Britain has seen the emergence of a crisis in teacher recruitment and unless drastic measures are taken, the problem is only set to worsen. The cause of this crisis is multifaceted and cannot be pinned down to just one problem. With reports of over 50% of headteachers in London are aged over 50 with no succession planning in place, the crisis is not only alarming but is now threatening to affect the future of the British education system.
After the National Audit Office reported that recruitment targets have been missed for five years, we decided to explore some of the causes of this crisis and discuss what could be done to rectify the problem.
Failing To Attract Talent
As teacher trainee recruitment drops by almost 7%, recruitment fears strengthen. UCAS have reported that 25,950 trainees were accepted on to teacher training programmes in 2016, down from 27,880 in 2015. The drop in admissions is not the only alarming report, number of applications decreased too, from 47,200 to 46,000. It is primary education which has taken the hardest hit with 12,870 places down to 10,790, missing the government target of 11,489.
More work needs to be done to find out why people are choosing not to pursue careers in teaching and find ways of rectifying the problem. A Department for Education spokesperson said “That’s why we’re investing hundreds of millions in teacher recruitment, including increased bursaries and scholarships, worth up to £30,000 in priority subjects and backing schemes like Teach First and the National Teaching Service to get great teachers where they are most needed.”
Restrictions On Training Places
Last year teacher training providers were told that they could recruit up to a national limit but higher education providers were subject to a cap within this. This was a measure set to protect school-led courses. However, the knock-on effect of this has been a reduction in the number of university primary trainee places accepted from 6,450 to 4,820.
If we are struggling to train enough teachers to fill the gap, we need to start thinking global. Brexit has reduced the number of applications from the continent but post-Brexit we should see the flexibility to recruit from outside of the EU, from countries such as Canada and New Zealand so we need to start building the campaign for the British education career now.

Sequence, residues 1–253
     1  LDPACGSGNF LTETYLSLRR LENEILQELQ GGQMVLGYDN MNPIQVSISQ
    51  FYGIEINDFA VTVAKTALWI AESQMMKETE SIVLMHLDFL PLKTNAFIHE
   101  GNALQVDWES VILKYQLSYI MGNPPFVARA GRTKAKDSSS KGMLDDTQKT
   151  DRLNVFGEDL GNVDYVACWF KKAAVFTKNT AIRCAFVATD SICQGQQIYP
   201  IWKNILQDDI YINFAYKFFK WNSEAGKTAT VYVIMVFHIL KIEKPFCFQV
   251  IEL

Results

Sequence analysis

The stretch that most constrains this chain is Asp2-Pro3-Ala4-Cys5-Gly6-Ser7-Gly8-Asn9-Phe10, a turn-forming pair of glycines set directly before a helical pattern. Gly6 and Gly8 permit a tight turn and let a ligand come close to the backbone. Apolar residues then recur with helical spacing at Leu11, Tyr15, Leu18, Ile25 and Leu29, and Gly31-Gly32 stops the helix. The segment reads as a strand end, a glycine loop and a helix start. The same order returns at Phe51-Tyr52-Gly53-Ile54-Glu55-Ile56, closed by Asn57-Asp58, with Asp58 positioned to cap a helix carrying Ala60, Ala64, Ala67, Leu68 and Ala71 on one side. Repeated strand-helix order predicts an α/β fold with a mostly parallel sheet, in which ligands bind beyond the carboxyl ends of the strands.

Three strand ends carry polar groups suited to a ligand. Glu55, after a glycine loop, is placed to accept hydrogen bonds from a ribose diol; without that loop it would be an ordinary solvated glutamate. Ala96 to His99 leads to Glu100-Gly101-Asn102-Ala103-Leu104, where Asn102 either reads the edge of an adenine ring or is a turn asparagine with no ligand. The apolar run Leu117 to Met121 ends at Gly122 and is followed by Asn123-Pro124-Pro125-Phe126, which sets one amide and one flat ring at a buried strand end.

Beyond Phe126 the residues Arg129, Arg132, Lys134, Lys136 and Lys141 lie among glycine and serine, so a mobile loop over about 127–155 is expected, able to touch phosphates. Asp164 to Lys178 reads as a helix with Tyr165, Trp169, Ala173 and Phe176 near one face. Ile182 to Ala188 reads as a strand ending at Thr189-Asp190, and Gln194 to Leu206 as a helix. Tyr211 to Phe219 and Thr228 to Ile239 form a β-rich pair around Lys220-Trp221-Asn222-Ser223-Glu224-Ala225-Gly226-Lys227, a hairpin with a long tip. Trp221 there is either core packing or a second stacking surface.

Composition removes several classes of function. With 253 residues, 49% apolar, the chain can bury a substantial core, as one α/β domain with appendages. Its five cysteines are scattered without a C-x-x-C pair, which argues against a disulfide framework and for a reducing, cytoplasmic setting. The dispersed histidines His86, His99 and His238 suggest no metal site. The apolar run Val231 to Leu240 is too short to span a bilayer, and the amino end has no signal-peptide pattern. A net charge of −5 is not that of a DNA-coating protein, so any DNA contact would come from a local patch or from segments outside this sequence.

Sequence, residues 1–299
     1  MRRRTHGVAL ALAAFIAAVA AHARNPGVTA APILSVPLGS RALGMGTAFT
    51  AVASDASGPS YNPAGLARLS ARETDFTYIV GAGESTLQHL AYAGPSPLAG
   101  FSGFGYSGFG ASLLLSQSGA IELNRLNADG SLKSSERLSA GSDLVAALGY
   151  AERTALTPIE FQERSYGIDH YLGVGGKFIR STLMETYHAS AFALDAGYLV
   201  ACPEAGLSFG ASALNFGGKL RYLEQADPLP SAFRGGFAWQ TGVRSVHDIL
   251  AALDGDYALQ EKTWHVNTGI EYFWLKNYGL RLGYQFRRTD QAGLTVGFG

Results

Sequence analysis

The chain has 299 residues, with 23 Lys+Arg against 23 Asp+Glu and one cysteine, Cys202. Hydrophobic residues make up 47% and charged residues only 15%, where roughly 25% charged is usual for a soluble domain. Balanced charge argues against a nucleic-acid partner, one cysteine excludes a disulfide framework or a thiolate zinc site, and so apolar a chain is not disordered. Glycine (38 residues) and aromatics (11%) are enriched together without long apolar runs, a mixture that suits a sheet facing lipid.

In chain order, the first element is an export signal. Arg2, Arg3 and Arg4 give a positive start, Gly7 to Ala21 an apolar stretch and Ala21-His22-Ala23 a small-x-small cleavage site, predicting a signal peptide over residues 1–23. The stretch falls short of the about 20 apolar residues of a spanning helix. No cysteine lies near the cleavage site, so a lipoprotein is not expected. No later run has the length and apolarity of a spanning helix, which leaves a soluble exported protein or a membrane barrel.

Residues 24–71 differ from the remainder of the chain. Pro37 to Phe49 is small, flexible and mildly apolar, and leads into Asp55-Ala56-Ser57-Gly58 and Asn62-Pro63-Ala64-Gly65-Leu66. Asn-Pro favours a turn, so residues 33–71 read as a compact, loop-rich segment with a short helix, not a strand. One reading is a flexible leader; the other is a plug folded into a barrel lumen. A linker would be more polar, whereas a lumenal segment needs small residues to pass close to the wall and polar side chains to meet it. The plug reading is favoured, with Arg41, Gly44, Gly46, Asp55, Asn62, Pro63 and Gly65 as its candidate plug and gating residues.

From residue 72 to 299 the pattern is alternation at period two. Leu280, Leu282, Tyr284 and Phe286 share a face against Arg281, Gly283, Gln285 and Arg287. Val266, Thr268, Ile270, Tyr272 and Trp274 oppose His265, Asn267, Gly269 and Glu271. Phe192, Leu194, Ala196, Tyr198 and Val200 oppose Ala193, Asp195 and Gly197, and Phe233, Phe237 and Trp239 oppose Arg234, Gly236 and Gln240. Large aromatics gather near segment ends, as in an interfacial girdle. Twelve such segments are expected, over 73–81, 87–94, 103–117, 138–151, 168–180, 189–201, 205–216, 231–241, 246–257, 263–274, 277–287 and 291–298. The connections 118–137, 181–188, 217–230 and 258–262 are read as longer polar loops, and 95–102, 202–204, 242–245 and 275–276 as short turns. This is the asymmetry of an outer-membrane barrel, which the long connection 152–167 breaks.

Whilst we are seeing a reduction in the number of people choosing to teach, we are seeing demand for teachers grow too. Teaching unions and academics have warned that the existing recruitment crisis will intensify with a growing population and the requirement for more pupil places that grow with it. It is expected that the number pupils will increase by 8% over the next 5 years. What’s perhaps more concerning than a growing population is the worsening retention rates within teaching. We are losing almost 4 out of 10 teachers within a year of qualifying due to increased workloads and the 1% fixed salary increase.
We need to provide more support to teachers early on in their careers. Mentoring and buddy systems are commonly used across private sector businesses as a retention tool and schools should consider implementing these to hold on to talent.
The FRCE Recruitment Group Managing Director, Rupesh Chhetry, comments on the crisis “The teacher recruitment crisis has become critical. Every year we see less and less qualified teachers available on the market and coupled with extremely high turnover in teaching staff, schools need to recruit approximately 30,000 new teachers every year and that doesn’t take in to consideration the growing demand we will see as our population increases. It is imperative that we fix the recruitment crisis to prevent irreversible damage to our education system.”
The FRCE Recruitment Group works to improve the teacher talent pipeline by providing specialised support to trainee teachers and newly qualified teachers whilst actively campaigning to recruit teachers from other countries into English schools and encourage more young people into the profession.